Golf Digest Online Inc (3319.T) People - 07 Jun 2016 11:54


[[html]]<object width="400" height="241"><param name="movie" value=""></param><param name="allowFullScreen" value="true"></param><param name="allowscriptaccess" value="always"></param><embed src="" type="application/x-shockwave-flash" allowscriptaccess="always" allowfullscreen="true" width="400" height="241"></embed></object><br><br>Name<br><br>Description<br><br>Mr. Nobuya Ishizaka has been serving as President, Chief Executive Officer and Representative Director in Golf Digest Online Inc., as well as President and Representative Director of two subsidiaries, including Insight Co., Ltd., since February 2012. He is also serving as Director in Venture Republic Inc. He established the Company in May 2000. He has working experience in Mitsubishi Corporation and another Japan-based company. He obtained a Master of Business Administration from Harvard University in June 1999.<br><br>Mr. Osamu Ito has been serving as Manager of Golf Course Business Unit and Director in Golf Digest Online Inc. since March 28, 2013. He joined the Company in July 2009. He used to serve as Executive Officer, Manager of Media Business Unit, Manager of Human Resources Planning Office and Chief Director of Golf Media in the Company. He worked for Recruit Holdings Co., Ltd. before joining the Company.<br><br>Mr. Takehiro Yoshikawa has been serving as Chief Director of Customer Experience Design and Director in Golf Digest Online Inc. since March 28, 2014. He joined the Company in April 2003. His previous titles include Executive Officer, Manager of Golf Course Business Unit and Chief Director of Golf Course Service in the Company. He used to work for The Fuji Fire and Marine Insurance Co., Ltd.<br><br>Mr. Hironari Hashioka has been serving as Independent Director in Golf Digest Online Inc. since September 2004. He is also working for UNITED ARROWS LTD., IFREEK HOLDING CO., LTD. and two other companies. He previously worked for a bank that is under the new name Sumitomo Mitsui Banking Corporation. He is a lawyer.<br><br>Mr. Takao Honda has been serving as Independent Director in Golf Digest Online Inc. since September 2004. He previously worked for a company that is under the new name Sojitz Corporation, CHIFURE CORPORATION, Sony Corporation, JOHNSON COMPANY LIMITED. and Cosmo Interactive Inc.<br><br>Mr. Genichi Kimura has been serving as Independent Director in Golf Digest Online Inc. since May 2000. He is also serving as President and Representative Director in an affiliated company and three other companies, including Motor Magazine Ltd. Mr. Kimura previously worked for Dai Nippon Printing Co., Ltd.<br><br>Mr. Masahiro Kimura has been serving as Independent Director in Golf Digest Online Inc. since September 2004. He is also serving as Managing Director in an affiliated company, as well as Director <a href="">golf clubs</a> in another company. Mr. Kimura previously worked for a company that is under the new name Nippon <a href="">used golf irons</a> Paper Group, Inc.<br><br><img style="float:left;margin:10px;border:none;" src="" width="297" /><br><br>[[/html]] - Comments: 0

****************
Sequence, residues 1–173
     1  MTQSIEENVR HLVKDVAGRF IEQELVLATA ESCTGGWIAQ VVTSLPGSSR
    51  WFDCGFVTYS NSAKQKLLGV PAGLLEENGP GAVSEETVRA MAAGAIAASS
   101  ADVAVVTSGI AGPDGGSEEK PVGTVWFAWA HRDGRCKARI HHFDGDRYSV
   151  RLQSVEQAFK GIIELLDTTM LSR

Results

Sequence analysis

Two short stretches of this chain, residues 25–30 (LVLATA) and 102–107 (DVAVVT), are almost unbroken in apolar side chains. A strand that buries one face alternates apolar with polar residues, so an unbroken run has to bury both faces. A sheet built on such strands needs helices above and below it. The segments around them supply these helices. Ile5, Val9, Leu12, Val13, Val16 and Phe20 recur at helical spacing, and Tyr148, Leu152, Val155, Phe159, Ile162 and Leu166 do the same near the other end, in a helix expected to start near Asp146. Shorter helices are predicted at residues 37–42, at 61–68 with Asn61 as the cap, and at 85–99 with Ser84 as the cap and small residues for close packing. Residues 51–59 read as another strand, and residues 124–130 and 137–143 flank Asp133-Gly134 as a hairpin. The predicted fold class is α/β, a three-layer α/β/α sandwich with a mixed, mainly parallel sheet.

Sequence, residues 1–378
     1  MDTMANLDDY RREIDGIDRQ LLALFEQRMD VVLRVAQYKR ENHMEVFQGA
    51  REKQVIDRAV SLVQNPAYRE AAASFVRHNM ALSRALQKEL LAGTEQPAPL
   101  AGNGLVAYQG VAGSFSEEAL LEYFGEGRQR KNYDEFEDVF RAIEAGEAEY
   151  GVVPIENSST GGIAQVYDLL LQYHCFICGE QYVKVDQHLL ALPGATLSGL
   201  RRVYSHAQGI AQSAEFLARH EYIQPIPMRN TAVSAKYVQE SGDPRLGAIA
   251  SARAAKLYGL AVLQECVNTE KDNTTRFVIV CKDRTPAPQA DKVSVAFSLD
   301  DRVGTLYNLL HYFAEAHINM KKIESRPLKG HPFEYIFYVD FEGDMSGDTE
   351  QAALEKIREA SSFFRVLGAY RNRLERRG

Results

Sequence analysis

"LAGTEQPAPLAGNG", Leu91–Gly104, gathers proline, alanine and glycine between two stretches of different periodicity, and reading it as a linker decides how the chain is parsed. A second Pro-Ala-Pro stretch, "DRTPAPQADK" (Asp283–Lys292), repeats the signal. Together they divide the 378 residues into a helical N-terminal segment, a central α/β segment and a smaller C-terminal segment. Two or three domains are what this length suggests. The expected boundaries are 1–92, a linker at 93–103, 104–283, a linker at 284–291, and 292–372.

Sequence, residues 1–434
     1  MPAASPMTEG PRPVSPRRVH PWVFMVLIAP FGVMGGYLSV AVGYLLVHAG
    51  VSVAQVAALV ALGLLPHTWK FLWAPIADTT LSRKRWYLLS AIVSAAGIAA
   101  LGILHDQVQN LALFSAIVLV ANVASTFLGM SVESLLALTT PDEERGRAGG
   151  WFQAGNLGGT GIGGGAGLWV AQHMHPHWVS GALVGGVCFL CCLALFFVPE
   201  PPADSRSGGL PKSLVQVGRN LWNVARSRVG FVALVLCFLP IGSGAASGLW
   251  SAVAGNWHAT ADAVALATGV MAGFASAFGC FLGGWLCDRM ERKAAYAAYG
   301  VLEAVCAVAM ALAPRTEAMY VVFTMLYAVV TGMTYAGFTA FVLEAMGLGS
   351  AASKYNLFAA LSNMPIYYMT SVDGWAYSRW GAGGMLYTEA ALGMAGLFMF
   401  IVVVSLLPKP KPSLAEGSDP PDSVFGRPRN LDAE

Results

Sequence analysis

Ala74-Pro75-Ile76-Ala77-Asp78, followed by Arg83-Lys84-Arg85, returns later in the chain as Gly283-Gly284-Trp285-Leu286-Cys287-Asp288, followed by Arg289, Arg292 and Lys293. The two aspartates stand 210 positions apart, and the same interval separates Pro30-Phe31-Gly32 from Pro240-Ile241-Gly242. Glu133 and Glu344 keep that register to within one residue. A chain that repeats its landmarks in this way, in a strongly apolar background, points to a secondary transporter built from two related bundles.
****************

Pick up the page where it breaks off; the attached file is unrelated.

Exclusive: Owner of golf brand Titleist to file for U.S. IPO - 07 Jun 2016 03:49


[[html]]<object width="400" height="241"><param name="movie" value=""></param><param name="allowFullScreen" value="true"></param><param name="allowscriptaccess" value="always"></param><embed src="" type="application/x-shockwave-flash" allowscriptaccess="always" allowfullscreen="true" width="400" height="241"></embed></object><br><br>Acushnet Company, the owner of golf brands including Titleist and Footjoy, is preparing to register with U.S. regulators as early as June for an initial public offering that could value it at more than $2 billion, according to people familiar with the matter.<br><br>The IPO would come five years after consumer products conglomerate Fortune Brands sold Acushnet, under pressure from activist investor William Ackman, to South Korean sports apparel company Fila Korea Ltd (081660.KS) and Mirae Asset Private Equity for $1.23 billion. <br><br>Acushnet is now working with investment banks that include Morgan Stanley (MS.N), JPMorgan Chase &amp; Co (JPM.N), UBS <a href="">best golf store online</a> Group AG (UBSG.S) and Nomura Holdings Inc (8604.T) on the IPO, the sources said on Wednesday.<br><br>The Fairhaven, Massachusetts-based company, which has more than $200 million in 12-month earnings before interest, tax, depreciation and amortization, could begin marketing its IPO as soon as this autumn, added the sources, who asked not to be named because the matter is private.<br><br>Acushnet, JP Morgan, UBS and Nomura declined comment. Morgan Stanley could not be immediately reached for comment. <br><br><img style="float:left;margin:10px;border:none;" src="" width="386" /><br><br>The golf industry has tapered over the past several years, as its prime demographic group has aged and millennials have sought pastimes that are less time-intensive and more accessible.<br><br>Earlier this year, German sportswear company Adidas (ADSGn.DE) failed to attract enough attention from private equity firms when it explored a sale of its Taylormade golf equipment brands, Reuters reported.. <br><br>Still, the industry is expected to benefit this year from new media exposure, as young golf stars compete in the Olympics in <a href="">play golf games free online</a> Rio de Janeiro this summer for the first time in more than a century. <br><br>For Acushnet, its greatest defense against broader industry <a href="">top golf games</a> woes may be its commanding market share in golf balls. Golf balls are cheaper and more easily lost than golf equipment, making them more frequently replaced. The more rounds of golf people play, the more balls they will buy. <br><br>(Reporting by Lauren Hirsch in New York; Editing by Matthew Lewis)<br><br>[[/html]] - Comments: 0